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It’s been nearly three weeks since the men’s basketball team’s improbable run to the NCAA Tournament, and little has changed on Cal Poly’s campus. Even though the Mustangs came out of nowhere to win the Big West Conference Tournament, capturing consecutive victories over favored opponents UC Santa Barbara, UC Irvine and Cal State Northridge, the postseason fervor was limited to a minority of Cal Poly’s student body and a handful of March Madness-crazed parents and alumni.
Following the team’s first-round victory over Texas Southern — and the myriad of mispronunciations by color commentator Reggie Miller that came along with it — I still found that my continual “Nwamba” references still didn’t register with, well, anybody. Bad jokes aside, I expected the school’s first birth into America’s annual month long basketball frenzy to be a bigger deal, but as I have come to understand, this initial postseason experience is only the first step toward gaining greater recognition within the school and among other top-tier programs.
When I sat down to talk to head coach Joe Callero, he was getting ready to leave for the Final Four. It was, no doubt, a business trip the basketball-crazed Callero didn’t mind skipping town for, and it wouldn’t wouldn’t have been as lucrative if it weren’t for the memorable Mustang postseason run. I asked him what effect the NCAA Tournament experience has had on the program.
“It already has impacted us and it has impacted us in three different ways immediately,” Callero said. “One is recruiting.”
When students made their decisions to attend Cal Poly, surely academics and location were among the major considerations. And while prospective student-athletes choose their schools with those factors in mind, athletes with top-tier talent are often more attracted to schools that have a culture of winning. And Callero can’t wait to speak to potential recruits about this year’s taste of NCAA stardom.
“Recruits that we are recruiting for the class of 2015, we have great stories to talk to them about,” Callero said. “What it’s like to be at the big dance, from charter jets to police escorts to staying at the Hilton to Nike sending us new pairs of shoes … We think it continues to open recruiting doors, and we are excited to hear about that.”
While recruiting players will be important in the years to come, Callero talked about another way the basketball program has benefited from their March play.
“The second way it has impacted us is with the boosters and the alumni group, the people that have reached out and contacted us, the enthusiasm they have to help support the fundraising efforts for a new scoreboard,” Callero said.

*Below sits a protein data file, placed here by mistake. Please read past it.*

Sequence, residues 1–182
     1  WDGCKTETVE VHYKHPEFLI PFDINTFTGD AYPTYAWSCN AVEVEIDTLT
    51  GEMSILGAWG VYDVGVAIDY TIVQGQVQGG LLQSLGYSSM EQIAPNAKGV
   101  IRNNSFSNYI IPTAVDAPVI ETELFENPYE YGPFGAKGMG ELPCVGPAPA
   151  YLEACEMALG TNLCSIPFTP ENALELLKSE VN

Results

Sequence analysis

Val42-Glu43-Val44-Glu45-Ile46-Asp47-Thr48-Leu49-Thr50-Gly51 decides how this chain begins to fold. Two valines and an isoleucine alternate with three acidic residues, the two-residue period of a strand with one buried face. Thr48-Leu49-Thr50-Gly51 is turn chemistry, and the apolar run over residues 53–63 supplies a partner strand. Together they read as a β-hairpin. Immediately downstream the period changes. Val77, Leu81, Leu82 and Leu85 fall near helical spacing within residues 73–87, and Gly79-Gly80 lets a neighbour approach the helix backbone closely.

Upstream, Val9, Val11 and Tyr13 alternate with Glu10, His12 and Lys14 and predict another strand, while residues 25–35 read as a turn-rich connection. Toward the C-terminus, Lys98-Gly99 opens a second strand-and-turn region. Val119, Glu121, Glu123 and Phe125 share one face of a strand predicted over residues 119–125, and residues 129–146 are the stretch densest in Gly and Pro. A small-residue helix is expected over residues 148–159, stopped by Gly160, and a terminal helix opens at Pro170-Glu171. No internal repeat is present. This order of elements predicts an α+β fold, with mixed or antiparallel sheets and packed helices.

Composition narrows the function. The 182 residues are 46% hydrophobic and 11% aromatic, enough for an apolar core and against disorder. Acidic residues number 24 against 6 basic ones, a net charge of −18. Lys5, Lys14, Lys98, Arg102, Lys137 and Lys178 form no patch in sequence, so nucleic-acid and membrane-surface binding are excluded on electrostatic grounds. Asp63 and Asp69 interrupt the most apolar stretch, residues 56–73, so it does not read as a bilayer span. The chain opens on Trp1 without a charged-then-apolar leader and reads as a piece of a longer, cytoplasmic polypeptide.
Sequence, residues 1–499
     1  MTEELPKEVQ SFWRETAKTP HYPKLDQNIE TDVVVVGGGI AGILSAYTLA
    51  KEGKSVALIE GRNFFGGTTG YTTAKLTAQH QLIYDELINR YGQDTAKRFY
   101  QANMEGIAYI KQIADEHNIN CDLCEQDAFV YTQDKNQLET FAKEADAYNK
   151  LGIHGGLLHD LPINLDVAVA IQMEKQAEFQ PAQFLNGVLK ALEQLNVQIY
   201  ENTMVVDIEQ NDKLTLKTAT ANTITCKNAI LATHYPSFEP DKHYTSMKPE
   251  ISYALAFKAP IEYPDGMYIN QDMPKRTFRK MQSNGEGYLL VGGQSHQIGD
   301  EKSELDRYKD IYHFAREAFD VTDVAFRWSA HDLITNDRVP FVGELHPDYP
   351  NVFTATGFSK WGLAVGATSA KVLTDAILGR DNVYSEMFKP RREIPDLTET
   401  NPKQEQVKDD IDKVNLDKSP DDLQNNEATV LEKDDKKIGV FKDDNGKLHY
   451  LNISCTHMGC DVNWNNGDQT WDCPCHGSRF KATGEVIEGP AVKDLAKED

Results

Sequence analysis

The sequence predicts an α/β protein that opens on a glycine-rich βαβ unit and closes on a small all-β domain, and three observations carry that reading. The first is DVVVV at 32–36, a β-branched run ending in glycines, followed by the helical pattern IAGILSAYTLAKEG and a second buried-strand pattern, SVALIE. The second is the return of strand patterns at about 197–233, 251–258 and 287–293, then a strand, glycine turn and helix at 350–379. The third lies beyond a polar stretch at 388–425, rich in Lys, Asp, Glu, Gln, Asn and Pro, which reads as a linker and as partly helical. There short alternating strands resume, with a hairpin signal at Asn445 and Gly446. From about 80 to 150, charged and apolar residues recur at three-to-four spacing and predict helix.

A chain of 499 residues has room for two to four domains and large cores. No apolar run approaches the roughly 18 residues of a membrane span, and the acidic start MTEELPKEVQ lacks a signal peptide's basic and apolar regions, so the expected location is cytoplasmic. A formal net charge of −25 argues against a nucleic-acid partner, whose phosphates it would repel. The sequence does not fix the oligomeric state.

A scoreboard shouldn’t be too much to ask for for a team that just taught a good portion of the country the name of our school.
Last March, another school making its NCAA Tournament debut went on to gain nationwide attention and, in return, saw a steep increase in revenue and undergraduate applications. Florida Gulf Coast University, a school that didn’t even exist until 1991, saw their fledgling basketball program go all the way to the Sweet Sixteen in the 2013 tourney. The school went from being barely a blip on the radar of mainstream college athletics to numerous Sportscenter appearances as well as the proud owners of the tournament’s most infamous hashtag, #dunkcity.
But perhaps Florida Gulf Coast’s most substantial gains from their first appearance could be seen in the 1,000 percent increase in sales at the campus bookstore or the nearly 30 percent increase in freshmen applications the year following their NCAA tournament run. Though the Mustangs didn’t go deep into the tournament — they were humbled by an oversized, and at the time, undefeated Wichita State team — their appearance on the NCAA’s brightest stage is sure to garner nationwide intrigue.
When trying to decipher the greatest impact of the Big Dance, the third part of Coach Callero’s statement seems fitting.
“The third thing that I think it is going to affect — and I just got to experience it today for the first time — is the student body enthusiasm,” Callero said. “I got a sandwich at the Avenue and I had four different students congratulate me and mention what a great run we had.”
Cal Poly has never been — and most likely never will be — a basketball school along the lines of Kentucky or Duke. For one thing, the Division I program is approximately as old as your average college sophomore (the Mustangs started playing Division I games in 1994), which is young considering the length of time the aforementioned basketball institutions have been March Madness regulars. But in the meantime, the program is working to improve its facilities and expand recruiting so one day Cal Poly will be busting brackets like it’s nobody’s business.
After speaking with Callero, it’s clear the future of Cal Poly basketball looks bright. While we all hope that there will be a plethora of net-cutting ceremonies in seasons to come, the head coach already sees this year’s experience as a turning point for the program and the school.
“It’s the energy that you can create when you have 500 students in Chumash Auditorium, that goosebump stuff is what gets me excited,” Callero said. “It gives you a greater pride to your own school.”